Thursday, May 22, 2014

Fava Beans: Why Cooks should Love them as much as Gardeners Do!

[Organic] Gardeners love fava beans as cover crop.  They are great for the winter: they grow easily, have pretty flowers, and add nitrogen to the soil.  Plus, you can eat them.  What's not to love?

Ok, ok.  I know they are a lot of work in the kitchen.  It's two steps.  Or three!  

But with a kitchen full of helpers, it is easy to make quick work of this delicacy.  And I call it a delicacy because they are so much work that you won't do it many times per year.  BUT-- try it!  

These two little bowls were two half-full clear plastic grocery produce bags' worth of fava beans.  It took me, a toddler, a preschooler, and a friend less than an hour to make this (and the friend wasn't there the whole time).  Plus we ate some and it was good fun.


Fava Beans (bigger are easier)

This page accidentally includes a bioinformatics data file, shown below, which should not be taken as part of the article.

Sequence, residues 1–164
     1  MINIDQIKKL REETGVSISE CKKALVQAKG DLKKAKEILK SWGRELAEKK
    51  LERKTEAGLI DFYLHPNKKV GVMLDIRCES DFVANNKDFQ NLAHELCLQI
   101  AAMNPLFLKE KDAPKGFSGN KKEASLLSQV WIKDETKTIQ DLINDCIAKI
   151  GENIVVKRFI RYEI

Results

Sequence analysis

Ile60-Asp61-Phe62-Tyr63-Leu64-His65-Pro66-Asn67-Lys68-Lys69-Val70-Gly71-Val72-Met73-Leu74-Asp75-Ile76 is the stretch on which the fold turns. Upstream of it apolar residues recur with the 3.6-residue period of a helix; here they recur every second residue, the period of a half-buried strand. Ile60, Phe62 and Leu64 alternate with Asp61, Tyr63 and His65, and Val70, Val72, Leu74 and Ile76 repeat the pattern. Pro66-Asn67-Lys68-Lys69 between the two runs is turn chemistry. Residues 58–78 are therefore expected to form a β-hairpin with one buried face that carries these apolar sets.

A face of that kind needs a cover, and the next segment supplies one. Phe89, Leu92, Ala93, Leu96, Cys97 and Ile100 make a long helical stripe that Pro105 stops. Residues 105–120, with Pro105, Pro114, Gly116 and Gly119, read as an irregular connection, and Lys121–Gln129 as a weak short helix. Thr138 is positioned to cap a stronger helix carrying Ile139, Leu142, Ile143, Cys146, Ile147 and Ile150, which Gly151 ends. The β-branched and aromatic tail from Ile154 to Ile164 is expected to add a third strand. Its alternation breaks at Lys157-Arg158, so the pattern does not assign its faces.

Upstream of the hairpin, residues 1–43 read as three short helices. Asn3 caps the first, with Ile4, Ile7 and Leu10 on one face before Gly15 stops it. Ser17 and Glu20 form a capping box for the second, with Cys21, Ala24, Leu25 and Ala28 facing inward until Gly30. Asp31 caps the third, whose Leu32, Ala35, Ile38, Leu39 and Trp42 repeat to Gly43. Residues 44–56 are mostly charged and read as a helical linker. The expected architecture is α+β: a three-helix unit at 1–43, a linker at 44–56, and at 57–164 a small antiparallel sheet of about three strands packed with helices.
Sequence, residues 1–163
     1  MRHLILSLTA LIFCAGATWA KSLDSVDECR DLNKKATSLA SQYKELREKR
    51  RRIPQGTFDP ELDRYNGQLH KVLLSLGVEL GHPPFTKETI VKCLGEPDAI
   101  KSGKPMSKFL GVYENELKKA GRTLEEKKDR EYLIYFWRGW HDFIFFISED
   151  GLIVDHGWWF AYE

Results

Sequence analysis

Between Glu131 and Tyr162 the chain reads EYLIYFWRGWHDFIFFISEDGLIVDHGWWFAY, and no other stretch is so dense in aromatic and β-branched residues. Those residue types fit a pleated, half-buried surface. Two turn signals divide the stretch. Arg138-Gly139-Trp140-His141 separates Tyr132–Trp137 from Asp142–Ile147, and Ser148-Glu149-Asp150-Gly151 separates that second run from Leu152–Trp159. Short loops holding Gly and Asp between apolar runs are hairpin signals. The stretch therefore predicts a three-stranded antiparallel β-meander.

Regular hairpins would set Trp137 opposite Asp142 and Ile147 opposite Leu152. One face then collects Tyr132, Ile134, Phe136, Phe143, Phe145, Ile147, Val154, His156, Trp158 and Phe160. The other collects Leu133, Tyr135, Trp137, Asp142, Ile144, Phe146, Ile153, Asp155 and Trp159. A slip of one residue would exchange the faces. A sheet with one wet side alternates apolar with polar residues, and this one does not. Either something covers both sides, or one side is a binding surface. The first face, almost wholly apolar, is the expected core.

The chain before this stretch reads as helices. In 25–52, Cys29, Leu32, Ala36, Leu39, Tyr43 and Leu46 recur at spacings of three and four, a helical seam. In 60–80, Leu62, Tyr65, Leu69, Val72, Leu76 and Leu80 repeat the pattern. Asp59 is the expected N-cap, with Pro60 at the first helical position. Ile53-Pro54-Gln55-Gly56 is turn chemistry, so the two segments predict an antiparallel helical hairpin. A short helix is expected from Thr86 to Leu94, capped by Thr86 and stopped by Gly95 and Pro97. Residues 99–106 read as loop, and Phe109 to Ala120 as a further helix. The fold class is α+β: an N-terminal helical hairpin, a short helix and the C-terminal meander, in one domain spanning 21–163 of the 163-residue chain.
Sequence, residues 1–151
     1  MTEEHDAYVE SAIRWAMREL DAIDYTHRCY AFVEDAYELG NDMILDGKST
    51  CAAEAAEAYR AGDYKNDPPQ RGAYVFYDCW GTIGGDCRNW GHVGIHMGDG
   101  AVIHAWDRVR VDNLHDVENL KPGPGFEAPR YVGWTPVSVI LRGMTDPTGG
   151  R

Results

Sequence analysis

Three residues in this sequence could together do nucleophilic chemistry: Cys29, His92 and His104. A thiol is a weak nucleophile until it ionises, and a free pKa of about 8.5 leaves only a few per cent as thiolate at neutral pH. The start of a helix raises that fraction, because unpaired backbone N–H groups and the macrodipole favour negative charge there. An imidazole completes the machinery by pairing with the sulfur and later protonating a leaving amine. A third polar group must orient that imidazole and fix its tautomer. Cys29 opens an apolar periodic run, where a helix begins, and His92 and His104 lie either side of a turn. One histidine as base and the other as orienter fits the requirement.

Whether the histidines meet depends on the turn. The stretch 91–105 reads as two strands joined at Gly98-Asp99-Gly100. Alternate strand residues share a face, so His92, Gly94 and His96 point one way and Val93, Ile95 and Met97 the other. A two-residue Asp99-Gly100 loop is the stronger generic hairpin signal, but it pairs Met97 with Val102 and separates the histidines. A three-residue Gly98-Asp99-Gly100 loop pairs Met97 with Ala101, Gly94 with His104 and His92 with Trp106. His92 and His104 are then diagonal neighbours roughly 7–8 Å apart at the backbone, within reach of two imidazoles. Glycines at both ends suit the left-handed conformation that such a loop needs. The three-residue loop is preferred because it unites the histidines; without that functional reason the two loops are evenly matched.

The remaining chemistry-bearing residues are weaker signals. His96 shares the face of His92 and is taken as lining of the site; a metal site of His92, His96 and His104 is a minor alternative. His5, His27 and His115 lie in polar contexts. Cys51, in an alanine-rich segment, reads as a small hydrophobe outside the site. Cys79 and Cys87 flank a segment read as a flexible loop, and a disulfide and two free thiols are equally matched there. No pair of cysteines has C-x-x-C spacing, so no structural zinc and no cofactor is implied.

a bit of cooking oil (butter, lard, coconut oil)
a bit of olive oil
ice water with ice in a bowl


Shuck the fava beans and discard the outer shells.  Blanch them (throw them in boiling water for three minutes).  Immediately put them into an ice water bath with plenty of ice.

Then take them and shuck off the inner layer.  Yes, there is another layer to remove.  It is fairly thin, and the beans pop out easily after they are blanched.

Heat the cooking oil in a cast iron skillet.  When it is hot, add the fava beans until just browned, about 1 minute.  Remove and add olive oil and sea salt.

You can eat these plain, or put them into a sauce (like tomato), or another dish. Enjoy!

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